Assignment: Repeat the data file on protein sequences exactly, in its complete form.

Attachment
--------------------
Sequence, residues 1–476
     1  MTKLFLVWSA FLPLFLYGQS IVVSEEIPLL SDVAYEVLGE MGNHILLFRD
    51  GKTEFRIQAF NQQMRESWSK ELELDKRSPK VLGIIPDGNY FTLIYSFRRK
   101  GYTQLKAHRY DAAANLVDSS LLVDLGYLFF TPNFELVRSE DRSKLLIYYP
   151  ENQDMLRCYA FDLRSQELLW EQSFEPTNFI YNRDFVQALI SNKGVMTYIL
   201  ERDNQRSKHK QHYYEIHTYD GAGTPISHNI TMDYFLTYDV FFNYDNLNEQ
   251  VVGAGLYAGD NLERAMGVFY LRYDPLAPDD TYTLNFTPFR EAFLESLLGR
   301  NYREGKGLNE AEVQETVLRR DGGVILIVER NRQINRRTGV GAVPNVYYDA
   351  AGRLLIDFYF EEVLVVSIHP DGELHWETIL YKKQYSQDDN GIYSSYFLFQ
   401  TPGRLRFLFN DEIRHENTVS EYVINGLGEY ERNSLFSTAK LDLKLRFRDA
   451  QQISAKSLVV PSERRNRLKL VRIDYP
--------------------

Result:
Sequence, residues 1–476
     1  MTKLFLVWSA FLPLFLYGQS IVVSEEIPLL SDVAYEVLGE MGNHILLFRD
    51  GKTEFRIQAF NQQMRESWSK ELELDKRSPK VLGIIPDGNY FTLIYSFRRK
   101  GYTQLKAHRY DAAANLVDSS LLVDLGYLFF TPNFELVRSE DRSKLLIYYP
   151  ENQDMLRCYA FDLRSQELLW EQSFEPTNFI YNRDFVQALI SNKGVMTYIL
   201  ERDNQRSKHK QHYYEIHTYD GAGTPISHNI TMDYFLTYDV FFNYDNLNEQ
   251  VVGAGLYAGD NLERAMGVFY LRYDPLAPDD TYTLNFTPFR EAFLESLLGR
   301  NYREGKGLNE AEVQETVLRR DGGVILIVER NRQINRRTGV GAVPNVYYDA
   351  AGRLLIDFYF EEVLVVSIHP DGELHWETIL YKKQYSQDDN GIYSSYFLFQ
   401  TPGRLRFLFN DEIRHENTVS EYVINGLGEY ERNSLFSTAK LDLKLRFRDA
   451  QQISAKSLVV PSERRNRLKL VRIDYP